WHAT SHOULD YOU DO FOR YOUR WEB AND SOCIAL MEDIA
This post is the follow-up to "Are you a poster or a voyeur?"
As a practitioner and business owner, you want to take your message to where your audience is.
So, how does one tackle using the web and social media in the most efficient manner to reach the right people? Should this work be farmed out to a web marketer or design? Is it worth saving the money and doing it on one's own?
BOTH hiring and doing the work have pros and cons with regards to time, money, content ownership and ramp up. And don't be fooled into thinking that doing it yourself will be the least
How do I make social media an effective tool in supporting my business goals?
Managing expectations is important. Social media is not the magic wand that will bring in vast numbers of new clients. It won't replace quality service and the power of endorsements. What it can do for you is support and enhance existing relationships which can in turn help promote increased use of services and products, improved communications and opportunities to amp up your referrals.
What the heck is a CMS?
If you decide that you are a technically savvy hands-on kind of person who thrives on doing the work yourself, Content Management Software such as WordPress, has made simply designed, great looking web creation and blogging accessible to non-programmers. And coordinating your outreach to multiple social media sites is simplified using programs such as Hootsuite.
Just Do It
Regardless of whether you farm out the work or go down the path of DIY (Do It Yourself), there are key elements that should not be shortcutted.
You need to first identify who you want to be in your audience. Next, determine where they are at.
But no matter how many you reach and how often you reach out, if quality content is absent, you may be doing more harm than good. The same fundamentals of business apply to the web and social media. What will attract and retain audiences is the content you provide. Aligning your web and messaging with who your are - your bio, a well-defined mission, vision and values - provides consistency, power and voice.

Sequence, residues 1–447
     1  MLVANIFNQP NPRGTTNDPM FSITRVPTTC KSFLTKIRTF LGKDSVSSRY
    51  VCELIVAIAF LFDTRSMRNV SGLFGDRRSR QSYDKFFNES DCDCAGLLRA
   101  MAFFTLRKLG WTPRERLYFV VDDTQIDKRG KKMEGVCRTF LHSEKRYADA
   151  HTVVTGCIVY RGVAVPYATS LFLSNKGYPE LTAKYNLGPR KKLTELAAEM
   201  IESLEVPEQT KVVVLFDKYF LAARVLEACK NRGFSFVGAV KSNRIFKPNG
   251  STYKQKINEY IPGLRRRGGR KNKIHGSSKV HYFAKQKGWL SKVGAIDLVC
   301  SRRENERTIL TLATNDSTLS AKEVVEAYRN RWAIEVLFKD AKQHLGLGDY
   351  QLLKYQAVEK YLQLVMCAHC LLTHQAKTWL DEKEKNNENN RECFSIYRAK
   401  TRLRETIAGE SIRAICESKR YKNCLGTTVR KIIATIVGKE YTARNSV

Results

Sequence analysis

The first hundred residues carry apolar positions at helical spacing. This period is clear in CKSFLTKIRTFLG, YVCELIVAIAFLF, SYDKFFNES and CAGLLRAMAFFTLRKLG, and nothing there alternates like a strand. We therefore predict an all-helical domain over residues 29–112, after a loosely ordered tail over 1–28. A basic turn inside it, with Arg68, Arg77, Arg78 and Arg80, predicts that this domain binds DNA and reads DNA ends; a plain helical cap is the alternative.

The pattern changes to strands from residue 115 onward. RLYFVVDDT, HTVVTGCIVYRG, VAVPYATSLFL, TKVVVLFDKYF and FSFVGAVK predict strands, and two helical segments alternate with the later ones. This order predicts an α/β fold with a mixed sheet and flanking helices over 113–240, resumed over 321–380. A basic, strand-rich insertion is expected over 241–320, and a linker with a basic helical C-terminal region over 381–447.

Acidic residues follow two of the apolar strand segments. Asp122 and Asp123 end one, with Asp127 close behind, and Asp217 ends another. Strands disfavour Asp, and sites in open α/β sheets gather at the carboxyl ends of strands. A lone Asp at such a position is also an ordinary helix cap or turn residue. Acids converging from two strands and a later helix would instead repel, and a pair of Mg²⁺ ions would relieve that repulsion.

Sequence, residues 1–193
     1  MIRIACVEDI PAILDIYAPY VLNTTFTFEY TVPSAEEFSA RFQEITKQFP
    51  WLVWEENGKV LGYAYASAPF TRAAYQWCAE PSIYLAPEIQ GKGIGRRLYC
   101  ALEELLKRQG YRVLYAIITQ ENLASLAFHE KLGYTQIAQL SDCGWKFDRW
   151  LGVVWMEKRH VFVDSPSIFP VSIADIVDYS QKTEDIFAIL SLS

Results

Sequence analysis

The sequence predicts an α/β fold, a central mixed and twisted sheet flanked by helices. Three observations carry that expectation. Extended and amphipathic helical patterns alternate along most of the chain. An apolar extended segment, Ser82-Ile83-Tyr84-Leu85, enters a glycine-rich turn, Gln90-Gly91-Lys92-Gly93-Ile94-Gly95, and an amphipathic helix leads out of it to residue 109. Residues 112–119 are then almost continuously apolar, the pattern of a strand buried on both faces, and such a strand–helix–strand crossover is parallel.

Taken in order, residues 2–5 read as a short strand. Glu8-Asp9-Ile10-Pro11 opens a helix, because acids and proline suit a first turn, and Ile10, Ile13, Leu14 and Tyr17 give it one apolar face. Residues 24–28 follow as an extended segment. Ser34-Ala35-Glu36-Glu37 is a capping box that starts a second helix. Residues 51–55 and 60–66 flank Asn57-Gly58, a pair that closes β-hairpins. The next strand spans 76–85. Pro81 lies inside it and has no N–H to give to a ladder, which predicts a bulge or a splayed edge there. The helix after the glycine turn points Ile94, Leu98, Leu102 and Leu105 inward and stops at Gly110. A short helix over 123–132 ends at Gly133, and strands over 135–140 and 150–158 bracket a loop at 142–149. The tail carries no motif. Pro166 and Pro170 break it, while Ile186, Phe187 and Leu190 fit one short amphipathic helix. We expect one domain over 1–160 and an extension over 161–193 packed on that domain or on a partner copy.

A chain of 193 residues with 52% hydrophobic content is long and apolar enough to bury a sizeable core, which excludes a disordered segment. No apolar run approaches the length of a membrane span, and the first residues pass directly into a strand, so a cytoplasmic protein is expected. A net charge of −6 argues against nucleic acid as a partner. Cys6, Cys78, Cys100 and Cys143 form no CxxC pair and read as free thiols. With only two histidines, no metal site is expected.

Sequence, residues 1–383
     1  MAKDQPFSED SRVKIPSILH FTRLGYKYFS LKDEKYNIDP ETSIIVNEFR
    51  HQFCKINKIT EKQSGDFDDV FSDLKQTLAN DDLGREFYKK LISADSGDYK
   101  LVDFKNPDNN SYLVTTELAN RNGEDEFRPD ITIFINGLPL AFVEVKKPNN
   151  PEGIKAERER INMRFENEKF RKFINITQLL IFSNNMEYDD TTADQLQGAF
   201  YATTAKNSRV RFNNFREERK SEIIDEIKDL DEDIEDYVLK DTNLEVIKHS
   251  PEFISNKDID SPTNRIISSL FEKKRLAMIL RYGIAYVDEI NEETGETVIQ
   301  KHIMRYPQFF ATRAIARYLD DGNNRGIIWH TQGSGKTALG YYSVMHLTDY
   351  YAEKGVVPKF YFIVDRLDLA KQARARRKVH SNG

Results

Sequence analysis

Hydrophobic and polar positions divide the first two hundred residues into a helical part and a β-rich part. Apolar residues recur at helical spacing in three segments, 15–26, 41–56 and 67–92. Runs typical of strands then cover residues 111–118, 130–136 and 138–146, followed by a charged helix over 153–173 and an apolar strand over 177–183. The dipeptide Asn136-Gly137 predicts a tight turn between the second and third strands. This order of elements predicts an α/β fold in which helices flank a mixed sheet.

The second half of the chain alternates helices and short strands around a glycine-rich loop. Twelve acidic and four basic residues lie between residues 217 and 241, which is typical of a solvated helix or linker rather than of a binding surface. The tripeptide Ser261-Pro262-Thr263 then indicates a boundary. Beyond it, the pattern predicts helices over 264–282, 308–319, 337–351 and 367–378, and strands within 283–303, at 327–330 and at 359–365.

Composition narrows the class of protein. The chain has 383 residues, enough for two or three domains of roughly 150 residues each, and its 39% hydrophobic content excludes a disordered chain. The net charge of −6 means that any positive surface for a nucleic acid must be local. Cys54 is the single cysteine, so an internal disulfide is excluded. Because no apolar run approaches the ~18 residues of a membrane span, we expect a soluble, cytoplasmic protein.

Maintaining a presence requires staying in the eye of your audience. This can be done with postings and re-postings, a blog, newsletter or emails individually or in combination. And the same material can be delivered in multiple ways to the various platforms in social media be it facebook, LinkedIn, instagram, twitter, pinterest, or YouTube. It is important to have fresh and relevant content but it's creation doesn't have to be tied to the schedule - it can be created in advance. More important is to create a schedule of what works for you and your audience whether it is daily, weekly, bi-weekly, monthly or quarterly and sticking to it.
4. MEASURE, EVALUATE, ADJUST
Studies have shown that online presence spikes midweek in the middle of the day but interaction and response climbs towards the end of the week. Your particular audience may vary. Much of the software available is fairly inexpensive or even free and provides measurement tools to quantify audience reach:
Surveys are also a good source of data. If you don't want to do the work of a formal survey, asking your clients informally about your blog or website can provide you with meaningful information. Whatever the tools or partners you choose, use them. Review how you are doing and look for the areas that have the best response rates and yielding the results you are seeking.